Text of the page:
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Obama: Whither hope and change?

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16 November 2010 11:21

Brendon O’Connor is Associate Professor in American politics at the United States Studies Centre, University of Sydney. His recent presentation with Michael Fullilove on the US mid-term elections and the Obama administration can be heard here.

Hope and change are the words most associated with Barack Obama's 2008 campaign. His best–selling campaign memoir was titled 'The Audacity of Hope', and Shepard Fairey's iconic 'Hope' posters featuring Obama's multi-coloured face were seen all across America during 2008. 'Change we can believe in' was the slogan most associated with the campaign and it was often displayed behind Obama when he spoke.

All this 'hope' generated extremely high expectations of Obama when he was elected. Despite this, there was still potential for him to be American liberalism's last best hope. Hope was fuelled by his very impressive presidential campaign, but there were a number of reasons to harbour caution: Obama's short federal Senate political career, his negligible national legislative achievements and the fact that, apart from two insightful memoirs, little was known about Obama's political views, management style or leadership skills.

Was the recent election of a Republican majority in the US House of Representatives the death knell for 'change we can believe in''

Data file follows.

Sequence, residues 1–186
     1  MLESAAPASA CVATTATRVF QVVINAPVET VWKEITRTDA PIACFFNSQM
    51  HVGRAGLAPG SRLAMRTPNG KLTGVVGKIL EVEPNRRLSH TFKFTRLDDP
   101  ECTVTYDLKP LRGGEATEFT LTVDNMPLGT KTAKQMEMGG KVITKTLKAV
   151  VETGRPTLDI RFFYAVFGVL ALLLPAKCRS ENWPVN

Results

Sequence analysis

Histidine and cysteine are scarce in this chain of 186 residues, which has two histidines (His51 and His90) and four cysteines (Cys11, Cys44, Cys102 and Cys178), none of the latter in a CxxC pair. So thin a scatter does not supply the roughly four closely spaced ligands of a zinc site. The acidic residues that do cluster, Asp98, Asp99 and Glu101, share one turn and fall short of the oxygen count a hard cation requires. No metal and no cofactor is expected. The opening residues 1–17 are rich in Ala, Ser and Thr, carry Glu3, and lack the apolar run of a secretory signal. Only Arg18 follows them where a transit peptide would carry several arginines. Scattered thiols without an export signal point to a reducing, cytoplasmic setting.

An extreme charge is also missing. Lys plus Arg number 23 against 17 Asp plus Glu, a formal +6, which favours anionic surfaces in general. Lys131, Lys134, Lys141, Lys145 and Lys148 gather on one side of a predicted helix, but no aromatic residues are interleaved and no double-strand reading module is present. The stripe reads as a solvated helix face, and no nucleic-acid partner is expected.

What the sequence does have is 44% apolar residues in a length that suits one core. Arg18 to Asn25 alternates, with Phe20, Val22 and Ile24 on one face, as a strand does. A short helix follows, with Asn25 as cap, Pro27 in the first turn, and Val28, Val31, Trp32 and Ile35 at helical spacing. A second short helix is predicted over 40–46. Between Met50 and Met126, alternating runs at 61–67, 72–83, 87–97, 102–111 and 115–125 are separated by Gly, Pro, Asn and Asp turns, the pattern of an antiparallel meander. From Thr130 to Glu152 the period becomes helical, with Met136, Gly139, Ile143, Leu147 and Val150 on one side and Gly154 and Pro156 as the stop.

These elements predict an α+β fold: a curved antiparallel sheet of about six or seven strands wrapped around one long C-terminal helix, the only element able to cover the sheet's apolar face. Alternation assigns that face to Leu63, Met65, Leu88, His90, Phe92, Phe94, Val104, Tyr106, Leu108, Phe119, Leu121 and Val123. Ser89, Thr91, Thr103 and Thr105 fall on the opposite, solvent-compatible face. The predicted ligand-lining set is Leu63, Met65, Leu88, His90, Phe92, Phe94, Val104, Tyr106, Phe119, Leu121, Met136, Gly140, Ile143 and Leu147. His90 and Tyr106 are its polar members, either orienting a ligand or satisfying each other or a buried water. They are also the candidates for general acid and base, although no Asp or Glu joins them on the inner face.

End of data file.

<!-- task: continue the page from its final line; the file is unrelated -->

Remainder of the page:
Even if the short–lived epoch of 'change and hope' is over, pessimism and criticisms of Obama should be put in context. Obama is, for many, the most heartening and agreeable president elected by Americans since the first half of the 1960s. As president, his push to get 30 million more Americans insured under a fairer national healthcare scheme is a significant and worthy change. Obama's comments about America's past foreign policy behaviour in Iran and Cuba show a rare sense of presidential reflection on America's motives and image as seen abroad. His speeches about his aspirations on global poverty, Middle Eastern peace and addressing global warming have been impressive. The man's opinions seem more than one could reasonably hope for in a US president.

It is Obama's political tactics and strategy since becoming president that are of concern. Undoubtedly the weight and volume of the problems he has confronted since being elected have made strategic thinking difficult. The aura and expectations which come with the role of President of the United States have made Obama seem too cautious. The sheer weight of deciding what America should do in Afghanistan has, not surprisingly, consumed significant amounts of his energies over the last two years.

Yet despite these acknowledged difficulties, Obama and his Democratic Party have blown an enormous political opportunity to change the course of American politics.

The Republican Party brand was seriously damaged by the economic crisis, the failures in Iraq and incompetence at home (most notably during Hurricane Katrina). Partisans like James Carville were writing books like '40 more years: how the Democrats will rule the next generation', and many more sober analysts were talking about a political realignment akin to the New Deal period of the 1930s, or the conservative ascendancy after the 1980 Reagan election. Both of these periods saw the losing party and its ideas demonised by the incumbent president.